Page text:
Now, a closer look is taken at the influence of the combination for ,B and y on the dynamic
response of the modified Bouc-Wen model. Therefore, frequency sweeps are carried out with
a velocity amplitude of 20 mm/s and 4 mm/s.
Figure F.7: Dynamic response for kT = 20 *
sin(&) for both scenarios
Figure F.7 shows the dynamic response for both scenarios when vamp= 20 * 10W3 mm/s.
For the second scenario more damping is present as the amplitude of the resonance frequency
has decreased. Differences between both responses might be expected because the wire rope
spring is excitated with small amplitude levels. The same trend has been found for the BoucWen model, because in figure 3.14 the second scenario with a larger ,B and a smaller y leads
to a decrease in the amplitude of the resonance frequency.
Figure F.8: The dynamic responses for kT = 4 *
sin(wt)
Again the difference in the amplitude of the resonance frequency can be seen. However,
in the second case the resonance frequency occurs at a bit higher frequency. So an increase
in p accompanied with an decrease in y leads to an increase for the resonance frequency and
a decrease in the corresponding amplitude. Due to time limitations the reason for this has
not been investigated in more detail.
Appendix G
Time history plots and phase
portraits
In section 7.2 the results of the path following method are presented. Numerical errors are
present, resulting in unstable solutions. Especially around f = 3.0831 Hz many unstable
solutions have been found with Floquet multipliers lying outside the unit circle.
Table (2.1: Floquet multipliers for two unstable solutions at f = 3.0381 Hz
x 103
I
v
unP
= 20 mmh, f = 3.0381 Hz
I
Figure G.l: Steady state time plot for f = 3.30831Hz
Table G.l lists the Floquet multipliers for two unstable solutions, both found at f =
3.0381 Hz. A Floquet multiplier first leaves the unit circle through -1 and at the following
unstable solution the Floquet multiplier leaves the unitcircle through 1.
The time history plots of the three state variables are depicted in figure G.1. Nothing
indicates an unstable solution. This is confirmed by figure G.2, which shows the phase
projections of the various states.
Figure G.2: The phase projections at f = 3.0381 Hz
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BIBLIOGRAPHY
Nomenclature
Symbol Description
hysteretic parameter
hysteretic parameter
update parameter LM-algorithm
hysteretic parameter
update parameter LM-algoritm
eigen values
Marquardt damping parameter
update parameter LM-algoritm
radial frequency
gain factor in LM-algoritm
parameter in the LM-algoritm
amplitude
modulating parameter
exponential modulating parameter
dry friction Force (chapter 2)
elongation of the spring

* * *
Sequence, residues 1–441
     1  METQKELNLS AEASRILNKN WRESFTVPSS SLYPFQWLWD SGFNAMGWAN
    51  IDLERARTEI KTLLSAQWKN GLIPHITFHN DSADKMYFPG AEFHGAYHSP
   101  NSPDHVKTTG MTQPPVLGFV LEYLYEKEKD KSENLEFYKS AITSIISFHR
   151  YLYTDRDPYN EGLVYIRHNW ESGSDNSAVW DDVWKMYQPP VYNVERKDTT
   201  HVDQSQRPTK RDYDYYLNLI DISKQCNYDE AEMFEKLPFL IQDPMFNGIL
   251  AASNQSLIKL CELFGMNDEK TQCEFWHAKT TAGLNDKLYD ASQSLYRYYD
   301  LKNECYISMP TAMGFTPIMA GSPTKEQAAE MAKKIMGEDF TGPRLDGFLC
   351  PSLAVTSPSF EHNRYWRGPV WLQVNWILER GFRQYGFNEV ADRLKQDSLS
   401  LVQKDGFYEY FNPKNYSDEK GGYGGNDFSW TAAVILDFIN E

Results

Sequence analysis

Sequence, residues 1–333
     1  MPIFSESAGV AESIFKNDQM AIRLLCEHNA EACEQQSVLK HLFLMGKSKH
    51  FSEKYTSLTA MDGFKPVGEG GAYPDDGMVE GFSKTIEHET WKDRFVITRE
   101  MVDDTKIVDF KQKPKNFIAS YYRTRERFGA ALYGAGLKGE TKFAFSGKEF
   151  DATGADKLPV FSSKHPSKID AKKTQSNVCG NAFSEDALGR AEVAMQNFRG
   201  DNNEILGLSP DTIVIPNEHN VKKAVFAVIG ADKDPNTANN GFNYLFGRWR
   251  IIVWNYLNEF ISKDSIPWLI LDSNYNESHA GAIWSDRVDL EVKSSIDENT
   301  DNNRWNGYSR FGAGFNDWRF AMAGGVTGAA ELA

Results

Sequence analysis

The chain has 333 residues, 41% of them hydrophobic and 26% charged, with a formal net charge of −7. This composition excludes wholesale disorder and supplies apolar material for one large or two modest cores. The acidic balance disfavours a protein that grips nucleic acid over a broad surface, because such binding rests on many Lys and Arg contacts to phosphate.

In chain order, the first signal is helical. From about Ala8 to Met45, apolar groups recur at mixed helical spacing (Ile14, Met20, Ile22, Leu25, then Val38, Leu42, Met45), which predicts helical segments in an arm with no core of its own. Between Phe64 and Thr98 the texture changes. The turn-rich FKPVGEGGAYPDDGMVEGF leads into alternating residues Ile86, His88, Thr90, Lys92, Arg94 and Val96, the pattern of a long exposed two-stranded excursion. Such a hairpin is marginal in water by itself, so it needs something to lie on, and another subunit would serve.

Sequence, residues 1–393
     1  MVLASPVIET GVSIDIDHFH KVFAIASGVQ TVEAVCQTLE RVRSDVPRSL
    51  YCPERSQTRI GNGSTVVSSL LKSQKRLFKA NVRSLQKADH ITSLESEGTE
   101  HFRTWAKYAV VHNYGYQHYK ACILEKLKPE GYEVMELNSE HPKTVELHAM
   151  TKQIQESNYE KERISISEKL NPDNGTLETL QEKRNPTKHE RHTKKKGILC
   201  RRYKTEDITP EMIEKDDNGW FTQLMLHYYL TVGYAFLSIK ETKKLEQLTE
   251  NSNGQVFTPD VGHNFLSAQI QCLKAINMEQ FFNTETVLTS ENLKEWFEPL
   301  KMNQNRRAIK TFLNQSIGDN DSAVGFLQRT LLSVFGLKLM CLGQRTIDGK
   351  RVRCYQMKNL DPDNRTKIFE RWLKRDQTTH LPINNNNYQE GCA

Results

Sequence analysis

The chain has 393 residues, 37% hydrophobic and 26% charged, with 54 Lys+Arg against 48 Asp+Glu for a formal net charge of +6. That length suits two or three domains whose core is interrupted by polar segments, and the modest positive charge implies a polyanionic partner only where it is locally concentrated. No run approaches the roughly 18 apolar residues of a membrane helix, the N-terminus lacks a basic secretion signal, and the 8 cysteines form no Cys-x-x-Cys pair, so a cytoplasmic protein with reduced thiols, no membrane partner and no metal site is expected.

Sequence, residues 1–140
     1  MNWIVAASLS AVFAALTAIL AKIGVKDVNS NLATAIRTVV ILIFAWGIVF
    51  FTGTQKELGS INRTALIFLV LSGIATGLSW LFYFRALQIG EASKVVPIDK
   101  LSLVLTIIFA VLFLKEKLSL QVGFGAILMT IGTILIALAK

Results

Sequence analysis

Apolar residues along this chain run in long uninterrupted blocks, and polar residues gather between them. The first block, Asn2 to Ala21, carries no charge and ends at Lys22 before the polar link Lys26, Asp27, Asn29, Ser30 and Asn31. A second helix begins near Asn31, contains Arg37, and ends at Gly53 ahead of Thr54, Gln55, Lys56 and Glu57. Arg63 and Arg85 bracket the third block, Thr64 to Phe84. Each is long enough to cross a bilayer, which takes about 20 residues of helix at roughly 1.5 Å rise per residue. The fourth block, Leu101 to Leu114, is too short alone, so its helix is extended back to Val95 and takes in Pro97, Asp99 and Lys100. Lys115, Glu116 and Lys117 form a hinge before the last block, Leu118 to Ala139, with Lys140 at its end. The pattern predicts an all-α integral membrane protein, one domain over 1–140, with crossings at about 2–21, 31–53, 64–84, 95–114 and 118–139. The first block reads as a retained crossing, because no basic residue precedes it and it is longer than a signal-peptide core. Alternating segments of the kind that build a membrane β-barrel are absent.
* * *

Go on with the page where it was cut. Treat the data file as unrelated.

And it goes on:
error
frequency
start frequency
cut off frequency
sample frequency
linear stiffness (chapter 2)
number of iterations
linear stiffness
quadratic stiffnnes
cubic stiffness
hysteretic parameter
excitation force
time
tolerance of the intgration scheme
displacement
displacement of the mass
ground displacement
velocity
[Unit]
[-I
[Nl
[ml
[ml
[ms-l]
Symbol Description
acceleration
deflection
hysteretic input (section 2.4)
load reversal decay length
hysteretic output (section 2.4)
hysteretic b r c e
amplitude
error
Restoring force
linear stiffness force
Dry friction force
maximum force
minimum force
static force
nonlinear stiffness force
modulating function
Heigth
effective stiffness
mass
deflection distance
initial length
restoring force
Power Spectral Density
period time
width
width
Fast Fourier Transform of x
Monodromy matrix
search step of the LM-algorithm
parameter set
tangent to the branch of solutions
state space vector
predicted solution
corrected solution
Identity matrix
Jacobian matrix
[Unit]
Samenvatt ing
In dit rapport wordt gekeken naar de modellering van het quasi-statische en dynamische
gedrag van een staaldraadveer in de trek- en drukrichting. Een staaldraadveer is een nietlineaire trillingsdemper, wiens voornaamste toepassing in de scheepvaart ligt. Wanneer de veer
belast wordt, wordt er ten gevolge van het langs elkaar heen bewegen van de draden energie
opgenomen. Dit verschijnsel wordt hysterese genoemd. Hieraan ontleent de staaldraadveer
zijn dempende werking.
Het Bouc-Wen model is een zeer gangbaar model, dat frequent wordt toegepast om systemen met hysterese te beschrijven. Dit model bezit vier parameters, a, P, y en n. Door
een juiste keuze voor de parameters 0 en y is het model in staat om softening, quasi-lineair
of hardening gedrag te beschrijven. Echter, voor softening gedrag kunnen verschillende combinaties van waarden voor deze twee parameters tot bijna identieke hysterese curves leiden.
Door het aanleggen van een constraint kan dit redundant karakter worden verminderd. Een
tweede oplossing kan zijn om een aangepaste versie van het Bouc-Wen model t e gebruiken
waarin de parameter y is weggelaten.
Door middel van het aanbrengen van quasi-statische cyclische belastingen is echter aangetoond dat het resulterende hysterese karakter niet door het Bouc-Wen model beschreven kan
worden. De resulterende hysterese curve heeft namelijk een asymmetrisch karakter met toenemende stijfheid onder trek- en een afnemende stijfheid onder drukbelasting. Verder blijkt dat
voor kleine amplitudes softening gedrag wordt gevonden dat via quasi-lineair gedrag overgaat
in hardening gedrag voor toenemende uitwijkingen. Dit wordt soft-hardening genoemd. Een